It's the transformation process on the big night that's really captivating, as the boys pluck away body hair, pile on make-up, pad and corset their figures, and fret over wigs and gowns. As we watch, this rather goofy looking bunch not only shed their maleness, but their individualism, as they turn into a small army of statuesque glamour girls. The look, an exaggerated version of the Ursula Andriss 60s Greek goddess in a towering bouffant and streams of diaphanous chiffon, is a fun one but utterly uniform, and one all but loses track of the different players. The pageant itself is an embarrassing disaster, clearly sucked dry of any spontaneity in the planning stages, in a grubby old theatre with a bored society crowd in trendy attendance, and a catatonic Andy Warhol chairing the panel of judges. The competitors themselves are merely paraded about, not even allowed to lip-sync girl songs like they'd do in the clubs back home -- they're simply gaudy mannequins. Entertainment, such as it is, is provided by talentless local transies doing drunken versions of dreary old show tunes, while a tired strip joint orchestra tries valiantly to match their ever-changing tempos and keys. The night is a catastrophe in the making.

Tempers start to flare when the five finalists are announced, and some of those left backstage go ballistic with unconcealed envy. This shameless poor sportsmanship is carried onto the stage, when the fourth runner-up, a certain Miss Crystal, storms off in a huff. The crown, of course, goes to the undeniably prettiest, the reviled Miss Harlow, to politely thunderous applause, and in rivers of mascara, he weeps over this greatest moment of his life. The magic is short-lived, though, when who should be waiting backstage but Miss Crystal, who tears into Harlow, mocking his shoddy make-up and ugly dress that wasn't even clean, and insisting Harlow was not the prettiest -- Crystal was! The organizers spring to Harlow's defence, diverting Crystal's rage, with accusations that the whole pageant was rigged and they'll be sorry. As Harlow sobs, the threats and insults fly back and forth, with increasing shrillness, until the theatre management shows up and unceremoniously tosses everyone out. So much for that year's pinnacle of appreciation for the American cross-dressing arts.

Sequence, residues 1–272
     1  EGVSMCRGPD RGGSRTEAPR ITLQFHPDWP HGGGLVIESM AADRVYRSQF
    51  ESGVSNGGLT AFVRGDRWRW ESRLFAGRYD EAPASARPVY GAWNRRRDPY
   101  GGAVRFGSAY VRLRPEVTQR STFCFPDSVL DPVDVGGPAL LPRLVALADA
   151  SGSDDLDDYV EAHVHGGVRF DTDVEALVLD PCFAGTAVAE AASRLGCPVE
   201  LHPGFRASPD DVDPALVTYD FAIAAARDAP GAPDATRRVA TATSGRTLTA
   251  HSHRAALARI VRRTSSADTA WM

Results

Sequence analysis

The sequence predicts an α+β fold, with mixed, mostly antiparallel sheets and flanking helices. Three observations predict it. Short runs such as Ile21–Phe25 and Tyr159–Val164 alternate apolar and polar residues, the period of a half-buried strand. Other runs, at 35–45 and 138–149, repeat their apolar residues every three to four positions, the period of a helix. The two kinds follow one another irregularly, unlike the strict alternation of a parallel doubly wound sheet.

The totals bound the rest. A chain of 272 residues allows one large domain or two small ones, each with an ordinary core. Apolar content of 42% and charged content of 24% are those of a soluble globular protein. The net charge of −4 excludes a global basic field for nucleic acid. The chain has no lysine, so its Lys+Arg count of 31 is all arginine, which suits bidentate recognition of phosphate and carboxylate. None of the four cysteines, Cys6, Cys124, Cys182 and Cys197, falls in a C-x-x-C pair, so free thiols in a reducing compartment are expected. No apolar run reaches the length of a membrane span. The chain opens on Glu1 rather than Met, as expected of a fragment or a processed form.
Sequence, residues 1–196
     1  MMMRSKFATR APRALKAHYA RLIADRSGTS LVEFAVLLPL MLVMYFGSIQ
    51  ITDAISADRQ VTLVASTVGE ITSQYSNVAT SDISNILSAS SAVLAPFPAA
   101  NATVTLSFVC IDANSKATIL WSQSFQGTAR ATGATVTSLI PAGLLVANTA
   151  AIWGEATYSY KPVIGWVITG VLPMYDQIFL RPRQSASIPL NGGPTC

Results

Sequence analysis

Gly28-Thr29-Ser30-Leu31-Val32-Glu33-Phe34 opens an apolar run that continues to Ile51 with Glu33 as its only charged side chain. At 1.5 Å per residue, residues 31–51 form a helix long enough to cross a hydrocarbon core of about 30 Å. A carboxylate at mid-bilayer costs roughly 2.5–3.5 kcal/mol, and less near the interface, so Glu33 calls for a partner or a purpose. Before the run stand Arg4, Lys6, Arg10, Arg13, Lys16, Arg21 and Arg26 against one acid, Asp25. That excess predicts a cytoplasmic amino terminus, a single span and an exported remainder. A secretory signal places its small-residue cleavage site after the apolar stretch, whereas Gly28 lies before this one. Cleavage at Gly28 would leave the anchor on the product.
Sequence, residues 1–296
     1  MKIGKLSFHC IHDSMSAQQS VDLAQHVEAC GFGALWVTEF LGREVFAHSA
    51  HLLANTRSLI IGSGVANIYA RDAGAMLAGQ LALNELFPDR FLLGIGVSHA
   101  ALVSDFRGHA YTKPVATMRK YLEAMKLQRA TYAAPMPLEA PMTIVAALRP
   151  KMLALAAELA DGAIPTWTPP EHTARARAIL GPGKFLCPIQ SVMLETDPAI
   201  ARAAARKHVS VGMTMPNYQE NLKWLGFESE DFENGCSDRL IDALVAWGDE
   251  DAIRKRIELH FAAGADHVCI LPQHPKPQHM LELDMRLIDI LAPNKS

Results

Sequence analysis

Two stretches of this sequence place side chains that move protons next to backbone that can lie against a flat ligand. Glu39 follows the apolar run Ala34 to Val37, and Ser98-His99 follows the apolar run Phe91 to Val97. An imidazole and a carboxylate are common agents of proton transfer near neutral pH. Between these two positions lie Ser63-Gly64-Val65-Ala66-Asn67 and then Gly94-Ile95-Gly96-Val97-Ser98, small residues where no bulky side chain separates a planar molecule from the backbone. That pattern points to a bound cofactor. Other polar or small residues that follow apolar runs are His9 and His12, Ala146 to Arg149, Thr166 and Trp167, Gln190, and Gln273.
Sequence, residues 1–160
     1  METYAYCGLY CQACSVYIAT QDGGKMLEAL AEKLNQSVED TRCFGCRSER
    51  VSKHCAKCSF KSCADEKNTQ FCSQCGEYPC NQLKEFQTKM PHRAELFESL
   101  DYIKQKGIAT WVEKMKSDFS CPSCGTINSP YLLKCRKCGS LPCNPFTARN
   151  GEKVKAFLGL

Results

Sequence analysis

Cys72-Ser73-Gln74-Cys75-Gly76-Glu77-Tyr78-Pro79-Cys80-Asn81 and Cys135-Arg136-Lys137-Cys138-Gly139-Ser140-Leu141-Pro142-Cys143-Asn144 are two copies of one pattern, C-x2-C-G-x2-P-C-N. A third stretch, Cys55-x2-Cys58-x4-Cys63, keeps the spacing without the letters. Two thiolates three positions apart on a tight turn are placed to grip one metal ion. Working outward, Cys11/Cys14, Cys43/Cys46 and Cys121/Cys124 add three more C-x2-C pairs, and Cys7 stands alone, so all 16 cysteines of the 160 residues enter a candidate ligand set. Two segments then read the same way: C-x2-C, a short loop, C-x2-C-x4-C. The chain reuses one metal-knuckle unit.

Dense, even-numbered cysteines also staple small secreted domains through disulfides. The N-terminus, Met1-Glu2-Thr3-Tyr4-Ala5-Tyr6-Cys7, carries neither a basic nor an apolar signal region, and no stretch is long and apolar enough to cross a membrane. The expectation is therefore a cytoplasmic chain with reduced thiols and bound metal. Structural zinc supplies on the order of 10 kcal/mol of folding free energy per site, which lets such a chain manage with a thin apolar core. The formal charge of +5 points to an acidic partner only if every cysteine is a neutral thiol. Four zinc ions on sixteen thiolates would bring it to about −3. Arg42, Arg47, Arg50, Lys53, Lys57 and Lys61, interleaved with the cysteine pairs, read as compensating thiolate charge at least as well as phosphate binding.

As cheerfully tasteless a finale this is, celebrating bitchy stereotypes while pulling out on a note of cheap hilarity, it's refreshingly free of judgment pro or con, making for the best sort of historical artefact, superficial in its mood and thus unbiased as an accurate documentation for future cultural study. If, on EBay or wherever, you can track down "The Queen", enjoy it in good conscience --your neighbourhood drag queen certainly would.